Thought Leadership

𝘣𝘺 𝘓𝘪𝘷𝘪𝘢 𝘚𝘪𝘭𝘷𝘢 – 𝘓𝘈𝘛𝘈𝘔 𝘙𝘦𝘨𝘪𝘰𝘯 𝘙𝘦𝘴𝘰𝘶𝘳𝘤𝘦𝘴 𝘋𝘪𝘳𝘦𝘤𝘵𝘰𝘳 𝘢𝘵 𝘍𝘪𝘦𝘭𝘥𝘊𝘰𝘳𝘦


And here we are, closing October, Global Diversity Awareness Month. This October 2020 specifically will remain in FieldCore’s history: an impressive team of female engineers successfully completed the first ever major maintenance outage on a power plant led entirely by women. I invite you to read more about it here.

Despite being personally extremely excited and proud of the team, my attention shifted from the accomplishment itself to observing the reactions all around. To summarize, there are two main buckets of reactions:

Group 1: People who are extremely positive and supportive.

Group 2: People who are clearly surprised any of this happened at all.

It’s important to say that there is a large overlap between Group 1 and Group 2.

The level of surprise around this job was what made me pause. I heard from different people a very similar question “Was the crew all female naturally or was it by design?” and my overly candid answer to one of them was “It is more likely for an airplane to fall on our heads right now than for this to have happened naturally”. Even the fact most people were so surprised shows there is nothing natural about this yet. This is very similar to what late Ruth Bader Ginsburg meant when she said:

“When I’m sometimes asked when will there be enough [women on the Supreme Court] and I say, ‘When there are nine,’ people are shocked. But there’d been nine men, and nobody’s ever raised a question about that.”

A lot has been written about unconscious bias. The human brain has a natural tendency to look for patterns, associations and mental shortcuts to sort through an overwhelming amount of data and make sense of a very complicated world. Mostly outside of our awareness and control, unconscious bias is far more prevalent than conscious prejudice and often incompatible with people’s conscious values. Group 1 is a case in point about conscious values: I don’t think anyone in my organization or similar corporations will, within their conscious beliefs, be negative against people delivering results because they are different from them.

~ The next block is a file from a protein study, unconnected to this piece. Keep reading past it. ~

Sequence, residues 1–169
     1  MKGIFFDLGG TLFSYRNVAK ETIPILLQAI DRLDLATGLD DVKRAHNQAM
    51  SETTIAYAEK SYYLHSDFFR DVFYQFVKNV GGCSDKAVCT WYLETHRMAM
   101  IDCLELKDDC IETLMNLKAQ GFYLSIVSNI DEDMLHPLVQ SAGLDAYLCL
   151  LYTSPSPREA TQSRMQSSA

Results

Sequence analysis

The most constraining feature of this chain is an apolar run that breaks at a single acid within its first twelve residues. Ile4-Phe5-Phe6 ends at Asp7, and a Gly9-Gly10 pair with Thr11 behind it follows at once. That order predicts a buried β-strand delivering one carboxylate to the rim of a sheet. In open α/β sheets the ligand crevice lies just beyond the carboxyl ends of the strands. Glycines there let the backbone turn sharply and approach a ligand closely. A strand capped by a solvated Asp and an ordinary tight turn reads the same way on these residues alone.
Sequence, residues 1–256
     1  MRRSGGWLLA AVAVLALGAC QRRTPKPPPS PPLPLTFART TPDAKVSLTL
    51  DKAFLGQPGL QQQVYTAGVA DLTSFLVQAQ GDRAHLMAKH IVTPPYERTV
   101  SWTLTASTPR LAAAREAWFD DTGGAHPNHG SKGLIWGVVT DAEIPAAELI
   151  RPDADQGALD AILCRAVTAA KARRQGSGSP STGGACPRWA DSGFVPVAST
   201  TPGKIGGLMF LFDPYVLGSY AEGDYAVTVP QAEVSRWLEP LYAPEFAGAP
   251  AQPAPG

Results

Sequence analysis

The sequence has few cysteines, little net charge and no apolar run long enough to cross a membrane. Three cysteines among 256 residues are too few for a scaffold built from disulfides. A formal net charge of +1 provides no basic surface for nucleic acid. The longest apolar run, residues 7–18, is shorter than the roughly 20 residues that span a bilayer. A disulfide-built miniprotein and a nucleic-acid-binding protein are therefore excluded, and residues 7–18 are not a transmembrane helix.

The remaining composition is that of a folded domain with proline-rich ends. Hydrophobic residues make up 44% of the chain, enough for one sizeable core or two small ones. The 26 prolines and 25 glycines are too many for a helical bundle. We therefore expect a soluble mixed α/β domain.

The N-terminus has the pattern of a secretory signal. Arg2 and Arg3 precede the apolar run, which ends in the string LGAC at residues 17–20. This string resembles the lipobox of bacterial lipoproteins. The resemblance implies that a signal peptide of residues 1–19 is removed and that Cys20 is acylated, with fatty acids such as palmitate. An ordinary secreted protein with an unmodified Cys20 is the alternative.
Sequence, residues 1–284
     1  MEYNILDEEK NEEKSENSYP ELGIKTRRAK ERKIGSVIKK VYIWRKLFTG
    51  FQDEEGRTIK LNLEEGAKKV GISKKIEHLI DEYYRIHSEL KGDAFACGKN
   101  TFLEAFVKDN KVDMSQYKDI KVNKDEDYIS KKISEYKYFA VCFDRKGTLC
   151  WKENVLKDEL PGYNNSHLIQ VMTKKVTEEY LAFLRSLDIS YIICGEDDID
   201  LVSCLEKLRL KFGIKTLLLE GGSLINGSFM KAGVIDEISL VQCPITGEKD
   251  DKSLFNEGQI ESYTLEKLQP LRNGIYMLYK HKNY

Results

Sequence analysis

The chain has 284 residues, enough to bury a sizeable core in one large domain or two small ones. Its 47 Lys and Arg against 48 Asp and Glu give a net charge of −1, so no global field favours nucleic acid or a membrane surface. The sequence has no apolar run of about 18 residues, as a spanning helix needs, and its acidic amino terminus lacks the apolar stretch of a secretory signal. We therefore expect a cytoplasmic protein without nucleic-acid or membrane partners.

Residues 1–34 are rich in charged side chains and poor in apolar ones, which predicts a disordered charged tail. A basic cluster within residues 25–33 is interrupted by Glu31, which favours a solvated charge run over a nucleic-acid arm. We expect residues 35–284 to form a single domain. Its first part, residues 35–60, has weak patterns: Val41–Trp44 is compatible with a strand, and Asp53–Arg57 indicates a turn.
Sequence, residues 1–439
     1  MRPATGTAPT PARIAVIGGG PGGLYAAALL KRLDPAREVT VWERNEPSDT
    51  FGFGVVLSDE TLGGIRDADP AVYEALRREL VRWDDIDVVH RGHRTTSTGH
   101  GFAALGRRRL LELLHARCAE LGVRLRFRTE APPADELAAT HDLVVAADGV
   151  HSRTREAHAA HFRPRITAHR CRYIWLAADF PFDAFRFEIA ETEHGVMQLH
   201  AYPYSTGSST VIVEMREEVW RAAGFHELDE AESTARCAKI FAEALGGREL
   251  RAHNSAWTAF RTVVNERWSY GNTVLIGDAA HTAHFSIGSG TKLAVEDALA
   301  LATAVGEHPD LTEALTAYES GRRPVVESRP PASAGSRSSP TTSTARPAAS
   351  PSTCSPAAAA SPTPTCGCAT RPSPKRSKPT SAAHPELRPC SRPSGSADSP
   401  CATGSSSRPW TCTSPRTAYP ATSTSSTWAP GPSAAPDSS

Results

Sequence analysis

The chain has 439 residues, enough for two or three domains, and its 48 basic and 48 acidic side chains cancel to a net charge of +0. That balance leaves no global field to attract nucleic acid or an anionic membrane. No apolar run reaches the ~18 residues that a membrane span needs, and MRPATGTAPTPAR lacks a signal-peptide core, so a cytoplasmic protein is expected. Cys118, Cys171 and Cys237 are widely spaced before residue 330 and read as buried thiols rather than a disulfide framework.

So if mostly everyone in their conscious minds agrees it is such a positive event, why are most people (Group 2) so surprised at the same time?

Many companies have been actively working to combat unconscious bias by means of more robust processes, training, hiring and promotion practices in an effort to ensure fair employment. All of this is necessary but not sufficient. At the end of the day, a company with the best intentions, processes, and trainings will still be composed by humans and their biases they acquired since childhood. This is why Group 2 reacted surprised: this type of job in this type of industry led by women is a mismatch when compared to their own stereotypes. It is just human nature and nothing that can be systematically eliminated.

So should we all just give up right now? Absolutely not.

Even if we should all accept that we are not going to live in a world 100% free of biases (unless we have a science fiction style AI take over – I hope not…) how can we get to equal opportunity or get there faster? I see mainly 2 avenues of change:

1)     Human biases will (slowly) shift:

Biases do change and will continue to do so slowly, over several generations, as society evolves. We can accelerate this change by not perpetuating stereotypes through our speech or “innocent” humor, by deliberately raising the next generation not to have the same quirks we now find hard to get rid of, by empathetically asking rather than projecting our own preferences on others (and accepting their answers if different).

2)     Corporate representation must continue to increase:

Representation itself can generate the blend of “counter” biases that in the aggregate will emulate society in its current state (the good and the bad). For example, if we have more diverse people in hiring positions, they will have their own biases, but they are all different and will balance each other out. Representation, in this argument, is not the target itself, but an accelerator towards self-sustainable diversity. From this perspective inclusion initiatives (robust, fair and merit based) are necessary, even if controversial to some.

These avenues are not mutually exclusive, on the contrary, they reinforce each other: a child that grows in a world where mommy is a CEO will not be surprised by another woman being CEO or a leader in their adult life. The child will never have acquired that bias.

In other words, when the workplace reflects society at large, it will still not be stripped off its biases. However, with time, biases will shift, and this shift can be accelerated by having more diverse representation of well performing diverse professionals at all levels of organizations today.

I do want to acknowledge that we are making progress: What these women collectively achieved during this outage is a big statement and by all means let’s celebrate them. However I dare to say on behalf of the professional ladies out there: “Thank for all your support! But we want to see the day when we get just a ‘Good job’ and not much more”. Until this day, when no one is surprised about the fact that we can do the job, when it feels natural for everyone and not just to us, we need to keep our heads up and resiliently work for this transformation. All hands on deck.

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